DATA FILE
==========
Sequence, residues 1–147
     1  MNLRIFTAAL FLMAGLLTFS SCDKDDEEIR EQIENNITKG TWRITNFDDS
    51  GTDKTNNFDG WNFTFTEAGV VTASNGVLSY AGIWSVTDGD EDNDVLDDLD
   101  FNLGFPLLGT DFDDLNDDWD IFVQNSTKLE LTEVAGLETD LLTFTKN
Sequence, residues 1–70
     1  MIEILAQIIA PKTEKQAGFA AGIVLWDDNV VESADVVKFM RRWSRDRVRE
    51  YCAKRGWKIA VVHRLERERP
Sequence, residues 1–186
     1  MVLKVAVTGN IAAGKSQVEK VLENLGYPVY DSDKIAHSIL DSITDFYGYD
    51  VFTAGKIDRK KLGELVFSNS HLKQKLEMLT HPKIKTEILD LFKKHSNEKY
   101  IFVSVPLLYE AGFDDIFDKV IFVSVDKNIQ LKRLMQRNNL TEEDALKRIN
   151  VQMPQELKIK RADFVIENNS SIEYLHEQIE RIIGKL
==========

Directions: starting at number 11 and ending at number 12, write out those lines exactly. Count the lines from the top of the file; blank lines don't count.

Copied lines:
   101  IFVSVPLLYE AGFDDIFDKV IFVSVDKNIQ LKRLMQRNNL TEEDALKRIN
   151  VQMPQELKIK RADFVIENNS SIEYLHEQIE RIIGKL